And then you're going to have a product innovation teams, all of a sudden seeing marketing deals. As another, you know, kind of informant as to where they should be investing. And if that, if those walls start to break down, magical, things can happen because, you know, you can test out new products digitally before putting a massive investment into, you know, a full run of inventory that you then have to somehow, you know, kind of move, whether it's, whether it works or not.
And most products fail, like the vast majority of products that are brought to. Especially, you know, these new product lines that we laugh at at hindsight, you know, new [00:33:00] flavors of Coke that we're like, oh, of course, that didn't work. Why would Coke invest if they didn't have good reason to believe that it would work?
Right? It's because the cycles have been really, really slow, you know, getting the data, getting, getting from the data to the insight, getting the insight to the right team and making decisions off of it has just been this incredibly slow-moving. But consumers move so fast right now, especially online, you know, things are instantaneous.
So if we can kind of break down the walls between what data each department within your company has access to and makes decisions from, and the time it takes to get from data to insight, to decision, we can start putting out products quickly that we can test. We can start informing product development from, you know, how well a marketing message.
You know, kind of resonated or whether a particular ingredient that you messaged in your marketing you know, did well, did better than, you know, something else, but for all of that to happen, you were going to need good ways of measuring [00:34:00] success. And one of the things that's coming away with the deprecation of the third-party cookie is multitouch attribution as a, as a model.
And so, you know, the. Final key. I think to this whole equation of, of cracking the future is, is figuring out a new modal of measurement online that you can look at as unbiased and, you know, true and kind of channel publisher agnostic. So things like incrementality tests. We're starting to see you know, move away from, you know, just the data science team to something that marketers are really interested in and starting to use.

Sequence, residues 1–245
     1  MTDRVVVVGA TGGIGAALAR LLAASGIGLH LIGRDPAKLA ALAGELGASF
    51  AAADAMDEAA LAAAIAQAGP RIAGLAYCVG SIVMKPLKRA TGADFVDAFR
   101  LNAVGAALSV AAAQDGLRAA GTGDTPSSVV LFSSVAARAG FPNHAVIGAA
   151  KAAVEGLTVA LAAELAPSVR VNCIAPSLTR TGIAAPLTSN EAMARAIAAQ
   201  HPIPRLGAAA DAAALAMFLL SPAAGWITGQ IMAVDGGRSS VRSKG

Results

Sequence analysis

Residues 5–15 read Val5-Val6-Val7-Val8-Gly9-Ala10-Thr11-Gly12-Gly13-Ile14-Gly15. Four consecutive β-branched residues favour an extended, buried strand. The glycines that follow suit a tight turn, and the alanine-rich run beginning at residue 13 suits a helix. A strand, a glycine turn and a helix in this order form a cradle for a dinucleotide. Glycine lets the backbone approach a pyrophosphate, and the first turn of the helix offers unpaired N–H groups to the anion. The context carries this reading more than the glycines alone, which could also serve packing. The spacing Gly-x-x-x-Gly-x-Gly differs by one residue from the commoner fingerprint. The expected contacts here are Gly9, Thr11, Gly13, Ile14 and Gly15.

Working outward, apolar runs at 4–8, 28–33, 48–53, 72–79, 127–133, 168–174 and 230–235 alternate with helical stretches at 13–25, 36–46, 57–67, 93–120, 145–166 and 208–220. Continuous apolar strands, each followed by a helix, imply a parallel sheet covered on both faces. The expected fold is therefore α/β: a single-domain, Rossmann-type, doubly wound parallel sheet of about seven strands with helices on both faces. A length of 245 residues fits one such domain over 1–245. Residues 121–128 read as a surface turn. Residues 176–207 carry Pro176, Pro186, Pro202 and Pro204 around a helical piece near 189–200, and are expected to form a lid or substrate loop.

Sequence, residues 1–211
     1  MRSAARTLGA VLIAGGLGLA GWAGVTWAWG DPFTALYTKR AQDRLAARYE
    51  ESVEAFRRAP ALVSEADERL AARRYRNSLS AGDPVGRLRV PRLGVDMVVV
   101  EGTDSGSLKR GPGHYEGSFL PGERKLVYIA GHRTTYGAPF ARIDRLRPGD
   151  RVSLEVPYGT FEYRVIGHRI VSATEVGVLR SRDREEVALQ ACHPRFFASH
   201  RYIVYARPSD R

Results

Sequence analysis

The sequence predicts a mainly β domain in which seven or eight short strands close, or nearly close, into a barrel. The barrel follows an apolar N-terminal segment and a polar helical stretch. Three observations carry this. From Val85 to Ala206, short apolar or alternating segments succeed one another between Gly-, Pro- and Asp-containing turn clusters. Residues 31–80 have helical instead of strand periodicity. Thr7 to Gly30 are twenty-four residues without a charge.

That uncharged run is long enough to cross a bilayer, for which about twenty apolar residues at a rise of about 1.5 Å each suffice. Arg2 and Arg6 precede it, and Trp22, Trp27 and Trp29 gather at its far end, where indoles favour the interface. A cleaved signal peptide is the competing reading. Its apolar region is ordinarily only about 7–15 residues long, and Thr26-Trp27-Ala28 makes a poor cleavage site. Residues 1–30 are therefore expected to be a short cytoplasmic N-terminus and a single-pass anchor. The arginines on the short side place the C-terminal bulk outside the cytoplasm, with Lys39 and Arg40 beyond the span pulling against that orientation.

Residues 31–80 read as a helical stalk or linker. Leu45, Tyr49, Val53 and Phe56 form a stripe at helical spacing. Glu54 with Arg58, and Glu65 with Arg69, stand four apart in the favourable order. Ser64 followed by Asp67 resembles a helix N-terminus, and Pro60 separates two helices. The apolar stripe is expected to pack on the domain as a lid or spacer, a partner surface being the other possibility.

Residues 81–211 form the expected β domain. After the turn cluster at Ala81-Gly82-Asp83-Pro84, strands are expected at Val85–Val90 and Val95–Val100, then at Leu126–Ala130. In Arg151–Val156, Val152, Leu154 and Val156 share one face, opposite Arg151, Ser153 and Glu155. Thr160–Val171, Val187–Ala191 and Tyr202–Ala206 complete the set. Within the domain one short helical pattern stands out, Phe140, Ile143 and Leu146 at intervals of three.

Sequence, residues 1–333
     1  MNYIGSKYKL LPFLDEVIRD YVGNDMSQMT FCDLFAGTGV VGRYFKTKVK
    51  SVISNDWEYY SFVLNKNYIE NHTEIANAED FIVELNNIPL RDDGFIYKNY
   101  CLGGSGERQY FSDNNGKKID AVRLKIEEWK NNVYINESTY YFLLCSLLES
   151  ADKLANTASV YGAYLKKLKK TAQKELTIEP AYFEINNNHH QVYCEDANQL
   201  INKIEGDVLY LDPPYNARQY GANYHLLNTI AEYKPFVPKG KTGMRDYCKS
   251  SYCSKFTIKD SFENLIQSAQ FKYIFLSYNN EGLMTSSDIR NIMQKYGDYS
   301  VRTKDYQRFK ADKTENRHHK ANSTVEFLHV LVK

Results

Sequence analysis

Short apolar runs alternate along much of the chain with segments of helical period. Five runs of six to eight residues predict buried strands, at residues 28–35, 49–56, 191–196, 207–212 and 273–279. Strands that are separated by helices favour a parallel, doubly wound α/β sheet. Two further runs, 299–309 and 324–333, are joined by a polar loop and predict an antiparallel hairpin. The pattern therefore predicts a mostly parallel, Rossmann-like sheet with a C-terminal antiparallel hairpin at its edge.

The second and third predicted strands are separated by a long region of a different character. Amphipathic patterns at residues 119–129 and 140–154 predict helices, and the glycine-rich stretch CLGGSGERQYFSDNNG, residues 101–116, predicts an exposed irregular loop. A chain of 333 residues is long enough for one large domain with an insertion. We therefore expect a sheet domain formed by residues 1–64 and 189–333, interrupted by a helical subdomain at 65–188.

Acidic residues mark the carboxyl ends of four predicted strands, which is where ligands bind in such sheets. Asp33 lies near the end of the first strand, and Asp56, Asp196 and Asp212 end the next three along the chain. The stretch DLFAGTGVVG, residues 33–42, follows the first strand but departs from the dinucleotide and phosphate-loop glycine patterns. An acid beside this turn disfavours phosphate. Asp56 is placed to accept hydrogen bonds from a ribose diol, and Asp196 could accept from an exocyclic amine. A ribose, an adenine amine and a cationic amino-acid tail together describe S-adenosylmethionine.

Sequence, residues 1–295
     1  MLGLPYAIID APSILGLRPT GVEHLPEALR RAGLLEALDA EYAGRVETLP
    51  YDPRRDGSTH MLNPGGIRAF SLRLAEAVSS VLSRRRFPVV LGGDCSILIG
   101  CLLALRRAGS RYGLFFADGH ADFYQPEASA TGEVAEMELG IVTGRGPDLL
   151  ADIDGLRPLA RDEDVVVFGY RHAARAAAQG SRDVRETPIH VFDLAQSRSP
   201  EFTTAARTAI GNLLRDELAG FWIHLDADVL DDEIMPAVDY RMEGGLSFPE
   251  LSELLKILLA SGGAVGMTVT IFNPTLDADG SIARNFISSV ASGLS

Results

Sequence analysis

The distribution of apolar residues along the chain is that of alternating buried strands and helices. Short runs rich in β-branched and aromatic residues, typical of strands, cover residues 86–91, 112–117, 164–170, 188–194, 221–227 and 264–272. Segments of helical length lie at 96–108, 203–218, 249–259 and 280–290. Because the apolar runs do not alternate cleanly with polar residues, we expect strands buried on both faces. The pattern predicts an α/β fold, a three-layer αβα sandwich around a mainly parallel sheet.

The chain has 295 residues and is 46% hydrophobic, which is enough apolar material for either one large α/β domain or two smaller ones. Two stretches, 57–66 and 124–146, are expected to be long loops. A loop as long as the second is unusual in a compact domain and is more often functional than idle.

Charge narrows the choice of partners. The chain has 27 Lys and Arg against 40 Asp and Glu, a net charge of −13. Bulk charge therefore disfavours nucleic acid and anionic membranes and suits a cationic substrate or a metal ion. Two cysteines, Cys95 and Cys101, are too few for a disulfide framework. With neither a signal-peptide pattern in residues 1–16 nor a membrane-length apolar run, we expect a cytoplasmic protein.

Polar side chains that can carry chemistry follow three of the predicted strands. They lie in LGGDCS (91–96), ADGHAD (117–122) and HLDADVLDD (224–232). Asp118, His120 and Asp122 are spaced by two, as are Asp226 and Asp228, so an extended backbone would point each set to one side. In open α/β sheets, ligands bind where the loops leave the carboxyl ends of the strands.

And that's, I think going to be hugely helpful.
Peter: Well, that's that's. A great tease. We, we can't get into all the detail there because believe it or not, we're at the end of our time, just about but I will tell you if if the last two minutes about the, the future that Margo talked [00:35:00] about relative to measurement was interesting.
Interesting to you, you should definitely go check out their point of view it's sky.io. Cause I think they have a lot to say on that topic. So definitely check that out. And we'll put a link in the show notes, but it's S K a i.io. So definitely check it out. And I think with that, we believe it or not have time for one last question from Kelsey.
Kelsey: Margo. This has been a great, really enjoyed our conversation. And always like to ask, especially because you were a CML, what advice would you give to those that are CMOs or aspiring to be one someday?
Margo: think it's just crucial to stay really, really close to the data and really close to the revenue team. No matter what type of organization you're in marketers who think that, you know, they can hide behind vanity metrics or, you know, just kind of give You know, kind of give campaign results that are just like, about impressions, things like that.
[00:36:00] I think those days are done and there's a lot of turnover within the CMO world. So, you know, if you can become the data source for your organization and, you know, really be trusted there's this, you know, bias, right? That, that marketers are always putting spin on things. It's for me, like my team's ethos is like, we put spin on, you know, something in a press release.
We don't put spin on any kind of internal reporting. We are, you know, if the CEO asks me something, he can trust that I'm telling the truth. And there's nothing defensive about my answer where, you know, so that I'm because I'm protecting my team or my own efforts. If you can build that kind of. across the, you know, kind of the sea level then you will be given a lot of, a lot of trust and a lot of wiggle room in, in return.
And, you know, you can continue to, to grow your programs. So it took me a while to make that leap to say, You know, no, I don't want to avoid sales. I want to [00:37:00] get really close to sales. No, I don't want to not look at the data. I want to look at the data like multiple times a day and make decisions by that.
But once you make that leap, it's, it's a career builder.
Kelsey: Absolutely definitely music are yours. Pay attention to the metrics that matter to build that trust and those relationships within the organization. Thank you so much for your time today, Margo we've really enjoyed your conversation and make sure to follow the next CMO and plan out on Twitter and LinkedIn.
And if you have any ideas for topics or guests, you can email email@example.com. Have a great day, everyone. Thanks, Margo.
Peter: Thanks, Margo.
Margo: Thanks for him.